Let's say I have two modules:


value = 3
def x()
    return value


from a import x
value = 4

My goal is to use the functionality of a.x in b, but change the value returned by the function. Specifically, value will be looked up with a as the source of global names even when I run b.x(). I am basically trying to create a copy of the function object in b.x that is identical to a.x but uses b to get its globals. Is there a reasonably straightforward way to do that?

Here is an example:

import a, b

print(a.x(), b.x())

The result is currently 3 3, but I want it to be 3 4.

I have come up with two convoluted methods that work, but I am not happy with either one:

  1. Re-define x in module b using copy-and paste. The real function is much more complex than shown, so this doesn't sit right with me.
  2. Define a parameter that can be passed in to x and just use the module's value:

    def x(value):
        return value

    This adds a burden on the user that I want to avoid, and does not really solve the problem.

Is there a way to modify where the function gets its globals somehow?

  • You want something like return reference in C++ ?
    – llllllllll
    Mar 2, 2018 at 20:09
  • @liliscent Not sure what that is, but I added an example of exactly what I want. Mar 2, 2018 at 20:11
  • If you only want to modify a variable in another module, just use a.value to access it. I don't know why you mention that function x().
    – llllllllll
    Mar 2, 2018 at 20:13
  • Because I want to make a copy of the function object in b that refers to b's globals instead of a's. Mar 2, 2018 at 20:14
  • @liliscent. Perhaps it is more clear now? Mar 2, 2018 at 20:17

3 Answers 3


I've come up with a solution through a mixture of guess-and-check and research. You can do pretty much exactly what I proposed in the question: copy a function object and replace its __globals__ attribute.

I am using Python 3, so here is a modified version of the answer to the question linked above, with an added option to override the globals:

import copy
import types
import functools

def copy_func(f, globals=None, module=None):
    """Based on https://stackoverflow.com/a/13503277/2988730 (@unutbu)"""
    if globals is None:
        globals = f.__globals__
    g = types.FunctionType(f.__code__, globals, name=f.__name__,
                           argdefs=f.__defaults__, closure=f.__closure__)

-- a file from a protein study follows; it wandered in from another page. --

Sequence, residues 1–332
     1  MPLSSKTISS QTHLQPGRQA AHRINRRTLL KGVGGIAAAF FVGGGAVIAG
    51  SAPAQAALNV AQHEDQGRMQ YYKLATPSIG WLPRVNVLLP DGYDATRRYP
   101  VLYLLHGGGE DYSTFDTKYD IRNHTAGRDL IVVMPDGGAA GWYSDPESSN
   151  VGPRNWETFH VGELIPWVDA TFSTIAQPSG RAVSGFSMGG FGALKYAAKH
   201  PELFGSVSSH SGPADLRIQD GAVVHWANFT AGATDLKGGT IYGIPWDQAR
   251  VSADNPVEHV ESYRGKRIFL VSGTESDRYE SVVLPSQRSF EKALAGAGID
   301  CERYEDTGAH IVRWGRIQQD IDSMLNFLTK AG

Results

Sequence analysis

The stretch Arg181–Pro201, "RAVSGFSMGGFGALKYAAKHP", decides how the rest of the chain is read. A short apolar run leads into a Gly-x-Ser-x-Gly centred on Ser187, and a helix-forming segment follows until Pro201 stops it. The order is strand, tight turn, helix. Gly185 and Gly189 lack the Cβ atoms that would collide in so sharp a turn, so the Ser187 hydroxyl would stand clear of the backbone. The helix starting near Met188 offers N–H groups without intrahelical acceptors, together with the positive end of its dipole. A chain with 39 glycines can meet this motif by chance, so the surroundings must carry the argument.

g = functools.update_wrapper(g, f)
    if module is not None:
        g.__module__ = module
    g.__kwdefaults__ = copy.copy(f.__kwdefaults__)
    return g


from a import x
value = 4
x = copy_func(x, globals(), __name__)

The __globals__ attribute is read-only, which is why it must be passed to the constructor of FunctionType. The __globals__ reference of an existing function object can not be changed.


I've used this enough times now that it's implemented in a utility library I wrote and maintain called haggis. See haggis.objects.copy_func.

  • @chrisz. I've added an option to even fake the module that the function is defined in Mar 2, 2018 at 21:10

So I found a way to (sort of) do this, although I don't think it entirely solves your problems. Using inspect, you can access the global variables of the file calling your function. So if you set up your files like so:


import inspect

value = 3

def a():
    return inspect.stack()[1][0].f_globals['value']


from a import a

value = 5


The output is 5, instead of 3. However, if you imported both of these into a third file, it would look for the globals of the third file. Just wanted to share this snippet however.

  • I found something much more straightorward, but def +1 for this. Mar 2, 2018 at 20:46
  • Mind sharing what you came up with? I have run into similar issues before and would be interested in your approach. Mar 2, 2018 at 20:48
  • I've added an answer. It's a bit longer than what you have, but it is more correct for the purpose I have in mind. Perhaps it will work for you too. Mar 2, 2018 at 20:53

I had the same problem. But then I remembered eval was a thing.
Here's a much shorter version(if you don't need arguments):

from a import x as xx

# Define globals for the function here
glob = {'value': 4}
def x():
    return eval(xx.__code__, glob)

Hopefully after 2 years it'll still be helpful

  • This assumes a much more specific interface than what I had in mind, but it certainly works in some cases. Also, this is better use of eval than usual. May 14, 2020 at 15:03

Your Answer

By clicking “Post Your Answer”, you agree to our terms of service and acknowledge you have read our privacy policy.

Not the answer you're looking for? Browse other questions tagged or ask your own question.